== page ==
Halloween Eve

January 30, 2008
By Leigh Morgan, Carmel, IN

It was the evening before Halloween, and my girlfriends and I had decided we were up for the local haunted house, Fright Night. Yet, as we mustered up enough courage to walk through the door after purchasing the overpriced tickets, we all began to second guess ourselves. Suddenly, my cell phone began to chant the tune of a popular song that we all recognized from the Hip-Hop station. My friends all started singing at the top of their lungs, and I burst out laughing. I flipped open my phone.
“Hello?” I said.
“Hey, baby.” It was my boyfriend, Tim. “You’re coming to my Halloween party tonight right? I wanna give you a little scare!”
“Sorry, Tim, but my I’m having a girls’ night tonight. Actually, I’m already at the haunted house.”
“Oh. Alright, bye.” He hung up the phone.
I could tell he was mad, but I was having too much fun with my friends. We all proceeded into the musty house after I was finished with my call. It was more frightening than any of us had imagined. It was completely dark aside from the strobe lights in some of the rooms that were reflecting on blood-chilling images that would remain imprinted in our young minds forever. There were black costumed characters sauntering through the house carrying real chainsaws and knives. Was this even allowed? I thought to myself. The lady at the ticket counter had assured us that this was a safe and fun haunted house, but now I wasn’t so sure.

We all latched on to each other and made our way through the house with caution. My hands dripped with sweat as I glimpsed caped figures trailing behind us. Unidentified creatures popped out at us from every corner, and the rooms held terrifying scenes of things like people’s heads being chopped off. Each time, I told myself it wasn’t real and continued on.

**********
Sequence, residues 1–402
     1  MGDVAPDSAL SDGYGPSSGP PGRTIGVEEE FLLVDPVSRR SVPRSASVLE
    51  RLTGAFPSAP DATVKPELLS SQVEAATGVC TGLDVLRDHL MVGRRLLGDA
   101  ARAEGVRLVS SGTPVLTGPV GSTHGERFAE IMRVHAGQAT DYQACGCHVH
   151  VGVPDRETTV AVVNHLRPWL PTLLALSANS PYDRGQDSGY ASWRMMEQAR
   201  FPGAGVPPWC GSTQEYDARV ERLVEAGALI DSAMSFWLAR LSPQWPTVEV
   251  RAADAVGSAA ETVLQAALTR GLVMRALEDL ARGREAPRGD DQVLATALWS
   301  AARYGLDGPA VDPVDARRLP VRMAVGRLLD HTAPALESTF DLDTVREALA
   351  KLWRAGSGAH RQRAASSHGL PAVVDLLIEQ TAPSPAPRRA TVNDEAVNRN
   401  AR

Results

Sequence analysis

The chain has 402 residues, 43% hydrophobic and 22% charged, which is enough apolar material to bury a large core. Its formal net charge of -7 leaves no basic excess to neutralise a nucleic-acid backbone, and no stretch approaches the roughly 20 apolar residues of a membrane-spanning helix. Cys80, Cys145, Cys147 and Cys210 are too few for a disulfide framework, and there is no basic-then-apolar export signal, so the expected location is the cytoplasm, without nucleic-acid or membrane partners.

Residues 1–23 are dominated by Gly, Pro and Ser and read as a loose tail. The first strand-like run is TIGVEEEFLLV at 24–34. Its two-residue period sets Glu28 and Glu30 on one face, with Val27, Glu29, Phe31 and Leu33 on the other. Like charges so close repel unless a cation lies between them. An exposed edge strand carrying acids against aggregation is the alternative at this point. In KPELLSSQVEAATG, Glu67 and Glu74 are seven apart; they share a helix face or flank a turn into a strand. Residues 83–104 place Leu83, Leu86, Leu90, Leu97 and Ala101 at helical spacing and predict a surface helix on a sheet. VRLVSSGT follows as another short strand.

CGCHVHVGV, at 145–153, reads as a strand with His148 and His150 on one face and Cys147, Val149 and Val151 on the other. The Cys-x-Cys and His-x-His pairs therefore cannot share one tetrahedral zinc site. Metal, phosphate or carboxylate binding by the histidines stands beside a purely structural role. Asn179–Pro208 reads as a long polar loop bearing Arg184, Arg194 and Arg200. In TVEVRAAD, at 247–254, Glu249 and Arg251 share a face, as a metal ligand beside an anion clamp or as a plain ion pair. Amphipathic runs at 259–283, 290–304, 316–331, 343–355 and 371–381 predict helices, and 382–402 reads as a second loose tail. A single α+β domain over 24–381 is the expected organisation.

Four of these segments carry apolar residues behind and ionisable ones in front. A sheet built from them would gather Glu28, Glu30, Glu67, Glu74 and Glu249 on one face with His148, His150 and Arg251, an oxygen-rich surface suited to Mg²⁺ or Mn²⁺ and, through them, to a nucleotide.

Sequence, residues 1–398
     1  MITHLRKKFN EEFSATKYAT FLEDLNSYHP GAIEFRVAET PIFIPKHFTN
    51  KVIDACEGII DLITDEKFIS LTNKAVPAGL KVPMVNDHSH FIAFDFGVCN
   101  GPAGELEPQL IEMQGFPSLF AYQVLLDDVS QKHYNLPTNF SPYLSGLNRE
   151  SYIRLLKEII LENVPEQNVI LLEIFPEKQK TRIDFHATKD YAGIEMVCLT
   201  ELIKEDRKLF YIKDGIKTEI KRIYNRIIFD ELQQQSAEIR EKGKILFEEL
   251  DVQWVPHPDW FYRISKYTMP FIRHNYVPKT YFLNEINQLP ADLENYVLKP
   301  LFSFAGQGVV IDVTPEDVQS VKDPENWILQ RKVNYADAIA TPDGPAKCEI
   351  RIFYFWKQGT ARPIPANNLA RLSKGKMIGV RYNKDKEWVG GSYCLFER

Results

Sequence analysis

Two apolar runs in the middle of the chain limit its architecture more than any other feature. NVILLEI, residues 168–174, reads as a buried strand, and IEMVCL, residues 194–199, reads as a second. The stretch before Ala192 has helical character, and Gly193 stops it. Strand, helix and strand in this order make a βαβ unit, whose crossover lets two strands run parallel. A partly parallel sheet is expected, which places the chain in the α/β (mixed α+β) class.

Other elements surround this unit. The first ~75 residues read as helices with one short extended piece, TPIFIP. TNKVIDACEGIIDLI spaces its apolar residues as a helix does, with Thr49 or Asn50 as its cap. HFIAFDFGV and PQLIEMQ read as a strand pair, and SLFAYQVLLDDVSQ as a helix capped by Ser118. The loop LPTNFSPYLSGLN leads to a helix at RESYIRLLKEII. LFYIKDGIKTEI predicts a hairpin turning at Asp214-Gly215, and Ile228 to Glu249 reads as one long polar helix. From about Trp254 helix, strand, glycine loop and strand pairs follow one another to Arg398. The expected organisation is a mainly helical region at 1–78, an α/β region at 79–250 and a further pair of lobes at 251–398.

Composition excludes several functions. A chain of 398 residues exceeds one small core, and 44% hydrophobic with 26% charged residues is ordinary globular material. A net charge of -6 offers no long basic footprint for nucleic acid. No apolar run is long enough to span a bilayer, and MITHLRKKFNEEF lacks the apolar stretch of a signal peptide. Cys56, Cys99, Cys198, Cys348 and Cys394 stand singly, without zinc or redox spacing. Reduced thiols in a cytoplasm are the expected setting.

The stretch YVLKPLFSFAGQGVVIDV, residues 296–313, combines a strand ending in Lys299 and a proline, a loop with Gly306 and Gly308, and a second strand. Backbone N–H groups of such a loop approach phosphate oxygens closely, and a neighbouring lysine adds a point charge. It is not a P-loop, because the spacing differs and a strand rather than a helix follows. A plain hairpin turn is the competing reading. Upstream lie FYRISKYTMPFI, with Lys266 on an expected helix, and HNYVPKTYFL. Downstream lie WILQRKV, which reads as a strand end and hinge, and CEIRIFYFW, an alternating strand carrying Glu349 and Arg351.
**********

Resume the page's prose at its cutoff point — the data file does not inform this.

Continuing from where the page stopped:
We eventually made it out of the daunting house and sprinted – as so nothing would catch us – to the Suburban that we had borrowed from my friend’s mom. Only four of us had gone, so we occupied the front four seats.

“Crap. I’m on empty. Start looking for a gas station,” my friend Michelle said.
“We’ll be fine. I’m scared and I just want to get home. It’s already 11:30,” another said.
“No. I’m stopping. I’m not going to be stranded out here when I run out of gas,” she replied.

We spotted a Speedway a little up the road, and Michelle pulled off the road, parked in a spot, and got out of the SUV. She proceeded to fill the tank, when all of a sudden, the worker from the store came sprinting up to our car. I sat in the car watching, my eyes wide and skin pale as if I’d seen a ghost. He motioned us all out of the car.
“What’s going on?!” I asked.
“There’s just a slight problem with this tank. Please come inside,” he said.
“We’ll just move to a different one,” said Michelle.
“No. You need to come inside. Please just trust me,” he replied.
He grabbed Michelle by her hair and started to drag her behind him. My friends and I burst out screaming and Yolanda, who had a black belt in karate, practiced her skills and knocked the guy out cold. We all leaped into the car and Michelle floored it out of the station. We were speechless as we thanked our lucky stars that Yolanda was such a ninja. We regretted that we had always begged her to skip practice to go to the mall with us. She suddenly halted the car and we all jerked forward.
“What the heck?”
“Shh. What is that behind you??”

I turned to look and found myself face to face with the shimmering gleam of a razor-sharp machete. It was tightly gripped by the hand of a black figure. The figure looked suspiciously similar to the ones that curdled our blood earlier that night. The figure pinned me to the floor of the Suburban and held the giant knife to the tender skin on the nape of my neck. He swiped off his black mask as my friends’ jaws dropped.
“Tim?” one of them said.

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